Jive Software is an enterprise collaboration specialist with a focus on what it calls ‘powering human connection’ through the use of its software platform.
Is it really a platform?
It’s always difficult to justify vendors positioning themselves as platform providers when, ostensibly and effectively, they really exist as a provider of one core software product. But, of course, when that product can be ‘programmed to’ with extensions and other application function streams, then it becomes a platform – and this is what Jive is.
Newly acquired at the corporate funding level, the firm has this May staged its Vegas-located convention, exhibition and developer hackathon.
So to the keynote…
Keynote speaker Dacher Keltner is a human emotions specialist who has a theory for what he calls the ‘prosocial nervous system’.
Keltner spent a period discussing how we humans connect via systems of physical touch through our skin (pats on the back, handshakes, fist-bumps etc.) and suggested that our approach to building collaboration software should reflect that direct connectivity.
It is perhaps slightly unusual to start what is essentially a technical conference off with an inspirational speaker who spent the majority of his stage time talking about human stress, emotions and the mechanics of our own ‘vegus nerve‘, but Jive quite clearly presented the event this way round in an attempt to convince us that its technology really is all about people. Actually, we didn’t doubt that… but we get the point.
So to the Jive platform…
Jive explains that its cloud-based technology is now focused on a) universal identity b) enterprise-wide search and c) so-called ‘workgraph intelligence’. What could all that mean then?
Company CEO Elisa Steele took the stage to deliver the normal ‘we love our customers’ type of intros. Steele quickly addressed the acquisition and brought Aurea software CEO Scott Brighton up on stage.
Explaining how his organisation has worked to acquire a number of software firms in recent times, Brighton spoke about his first impressions of working with Jive.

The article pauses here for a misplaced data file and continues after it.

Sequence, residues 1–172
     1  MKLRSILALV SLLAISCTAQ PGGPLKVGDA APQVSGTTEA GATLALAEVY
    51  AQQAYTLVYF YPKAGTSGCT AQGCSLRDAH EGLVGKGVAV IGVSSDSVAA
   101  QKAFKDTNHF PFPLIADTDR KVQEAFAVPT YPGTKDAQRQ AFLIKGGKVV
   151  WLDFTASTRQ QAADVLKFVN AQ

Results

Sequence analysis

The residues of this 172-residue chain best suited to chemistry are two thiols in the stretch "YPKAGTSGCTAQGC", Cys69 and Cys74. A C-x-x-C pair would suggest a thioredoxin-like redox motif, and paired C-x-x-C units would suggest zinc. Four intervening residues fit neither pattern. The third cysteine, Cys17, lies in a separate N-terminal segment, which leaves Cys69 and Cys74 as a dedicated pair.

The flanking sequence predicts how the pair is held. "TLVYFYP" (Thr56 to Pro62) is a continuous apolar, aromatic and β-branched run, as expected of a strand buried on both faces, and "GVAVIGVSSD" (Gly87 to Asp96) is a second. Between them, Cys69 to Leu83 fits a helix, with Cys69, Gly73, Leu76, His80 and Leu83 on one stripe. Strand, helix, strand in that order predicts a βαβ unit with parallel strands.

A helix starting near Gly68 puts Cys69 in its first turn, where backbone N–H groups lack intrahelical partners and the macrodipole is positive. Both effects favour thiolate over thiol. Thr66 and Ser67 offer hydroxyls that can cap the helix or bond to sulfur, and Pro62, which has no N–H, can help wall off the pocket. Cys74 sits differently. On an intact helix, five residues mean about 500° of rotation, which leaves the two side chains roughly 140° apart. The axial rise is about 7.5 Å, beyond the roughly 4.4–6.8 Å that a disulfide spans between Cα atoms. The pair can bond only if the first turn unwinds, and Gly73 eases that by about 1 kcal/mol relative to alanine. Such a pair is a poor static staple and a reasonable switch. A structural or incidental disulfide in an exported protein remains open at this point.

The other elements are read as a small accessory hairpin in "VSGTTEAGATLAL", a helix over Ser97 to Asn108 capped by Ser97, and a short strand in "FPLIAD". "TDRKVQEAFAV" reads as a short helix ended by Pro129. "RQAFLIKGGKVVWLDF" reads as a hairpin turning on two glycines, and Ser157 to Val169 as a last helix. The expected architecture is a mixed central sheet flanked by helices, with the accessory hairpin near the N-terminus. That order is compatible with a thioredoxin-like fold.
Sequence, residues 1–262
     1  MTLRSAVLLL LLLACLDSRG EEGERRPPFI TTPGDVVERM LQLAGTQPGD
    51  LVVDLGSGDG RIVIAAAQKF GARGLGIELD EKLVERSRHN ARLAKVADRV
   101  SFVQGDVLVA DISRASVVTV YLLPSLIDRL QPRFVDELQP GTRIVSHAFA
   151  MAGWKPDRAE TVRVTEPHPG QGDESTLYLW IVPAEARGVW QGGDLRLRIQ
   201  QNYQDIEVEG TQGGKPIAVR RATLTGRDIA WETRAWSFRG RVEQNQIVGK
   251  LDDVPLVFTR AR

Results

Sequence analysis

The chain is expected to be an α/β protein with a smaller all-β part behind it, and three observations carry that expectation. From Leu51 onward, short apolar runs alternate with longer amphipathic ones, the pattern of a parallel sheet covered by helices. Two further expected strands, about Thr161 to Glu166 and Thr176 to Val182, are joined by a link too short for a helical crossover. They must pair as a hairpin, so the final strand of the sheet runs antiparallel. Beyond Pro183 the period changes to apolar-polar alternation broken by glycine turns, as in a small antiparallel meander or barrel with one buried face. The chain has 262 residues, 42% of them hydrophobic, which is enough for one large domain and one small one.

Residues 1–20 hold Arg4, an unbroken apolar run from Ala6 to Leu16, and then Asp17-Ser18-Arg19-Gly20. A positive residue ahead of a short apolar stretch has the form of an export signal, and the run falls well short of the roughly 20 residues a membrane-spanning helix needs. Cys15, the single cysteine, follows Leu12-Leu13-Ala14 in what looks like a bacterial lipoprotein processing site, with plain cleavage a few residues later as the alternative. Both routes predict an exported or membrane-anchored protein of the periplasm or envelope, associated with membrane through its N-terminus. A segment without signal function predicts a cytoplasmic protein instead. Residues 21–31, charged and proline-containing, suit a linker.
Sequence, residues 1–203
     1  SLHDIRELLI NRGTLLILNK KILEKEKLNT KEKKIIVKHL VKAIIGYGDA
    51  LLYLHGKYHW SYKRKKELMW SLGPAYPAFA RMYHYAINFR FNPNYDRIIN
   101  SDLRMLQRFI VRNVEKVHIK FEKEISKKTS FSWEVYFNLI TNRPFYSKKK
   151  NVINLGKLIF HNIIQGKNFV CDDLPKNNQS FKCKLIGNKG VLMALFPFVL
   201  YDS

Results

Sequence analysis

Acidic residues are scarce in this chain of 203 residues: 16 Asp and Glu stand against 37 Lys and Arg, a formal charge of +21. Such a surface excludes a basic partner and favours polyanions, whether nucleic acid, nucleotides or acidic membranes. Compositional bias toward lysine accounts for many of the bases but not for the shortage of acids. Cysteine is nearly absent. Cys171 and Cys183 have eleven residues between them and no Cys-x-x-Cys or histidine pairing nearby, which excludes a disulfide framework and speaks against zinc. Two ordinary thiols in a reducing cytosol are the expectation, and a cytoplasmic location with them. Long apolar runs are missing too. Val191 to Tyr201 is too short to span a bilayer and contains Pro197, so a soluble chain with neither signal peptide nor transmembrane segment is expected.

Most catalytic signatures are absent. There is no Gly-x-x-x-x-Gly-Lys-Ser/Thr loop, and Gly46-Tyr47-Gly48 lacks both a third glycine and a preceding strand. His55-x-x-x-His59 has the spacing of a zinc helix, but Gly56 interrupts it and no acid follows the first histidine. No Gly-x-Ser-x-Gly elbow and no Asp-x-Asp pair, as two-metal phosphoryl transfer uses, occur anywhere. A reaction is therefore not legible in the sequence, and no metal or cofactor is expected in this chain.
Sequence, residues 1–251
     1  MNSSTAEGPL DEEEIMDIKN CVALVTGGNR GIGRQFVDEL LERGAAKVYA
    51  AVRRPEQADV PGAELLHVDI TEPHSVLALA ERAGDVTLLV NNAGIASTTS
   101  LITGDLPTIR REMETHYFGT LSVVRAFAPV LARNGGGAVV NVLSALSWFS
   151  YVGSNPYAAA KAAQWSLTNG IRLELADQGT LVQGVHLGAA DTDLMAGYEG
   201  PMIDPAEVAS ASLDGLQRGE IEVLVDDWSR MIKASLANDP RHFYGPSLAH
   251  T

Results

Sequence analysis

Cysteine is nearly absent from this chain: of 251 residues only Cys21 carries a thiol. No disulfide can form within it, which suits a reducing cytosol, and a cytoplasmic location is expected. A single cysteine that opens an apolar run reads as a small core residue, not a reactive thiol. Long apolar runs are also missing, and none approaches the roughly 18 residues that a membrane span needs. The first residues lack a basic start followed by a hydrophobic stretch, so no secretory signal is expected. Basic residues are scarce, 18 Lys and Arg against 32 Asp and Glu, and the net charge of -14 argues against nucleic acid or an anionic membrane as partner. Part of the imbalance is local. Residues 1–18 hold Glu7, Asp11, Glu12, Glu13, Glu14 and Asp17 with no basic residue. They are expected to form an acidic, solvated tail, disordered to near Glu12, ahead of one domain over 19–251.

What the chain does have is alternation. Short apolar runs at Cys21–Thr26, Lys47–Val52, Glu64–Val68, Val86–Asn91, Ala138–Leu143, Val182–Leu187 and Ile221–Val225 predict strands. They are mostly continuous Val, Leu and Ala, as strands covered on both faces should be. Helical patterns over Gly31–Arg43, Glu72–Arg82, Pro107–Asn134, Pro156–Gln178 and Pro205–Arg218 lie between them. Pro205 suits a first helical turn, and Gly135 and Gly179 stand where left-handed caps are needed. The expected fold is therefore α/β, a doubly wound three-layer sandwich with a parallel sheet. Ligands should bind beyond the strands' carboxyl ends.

“Our goal as a company is to define a difference between plain old customer satisfaction (where software has no bugs and simply works quite effectively)… and the ‘higher bar’ of customer success where we can help drive business and bring a more authentic accountability into the way software is deployed,” said Brighton.
With the explosion of single-purpose apps, siloed messaging platforms and a myriad of office tool solutions, Jive claims that employees [in many industries and different work environments] are often left overwhelmed and unproductive.
As an answer then, Jive’s talks about how its software attempts to provide a collaboration hub that connects people, systems, content and networks inside and outside of organisations.
“Today’s most competitive companies don’t work based off of org charts. They dynamically form teams around projects that expand across departments, companies and ecosystems. If you factor in all of the people, systems, IT infrastructures and security compliance requirements that are involved in business collaboration, these environments have become more complex and fragmented than ever before,” said CEO Steele.
Volume, volume everywhere
It’s a question of volume.
Information volume, data volume, app volume, workflow volume, customer volume and the volume of devices used (from IoT sensors & lasers through to desktop PCs and our obviously enormous array of mobile devices) and how all these things create this mass of voluminous complex volume… and how difficult that is to manage for most companies.
The answer from Jive is a set of software tools and functions with specific tasks.
A key element of this is what the firm calls universal identity. Jive has promised that later this year, Jive’s software will support a single identity, enabling users to interact with content and colleagues across their employee, partner and customer communities.
Jive’s new architecture will also use metadata to power an ‘entitlements-based universal search’ so that users can get access to information and take what is collaborative action on content without leaving Jive’s user experience.
What we used to calls teams [in a given company], we can now call so-called ‘communities of interest’ which could also welcome users from other companies. This is where collaboration software is going.
CWDN will now dig deeper into wider Jive platform functionality updates and extensions.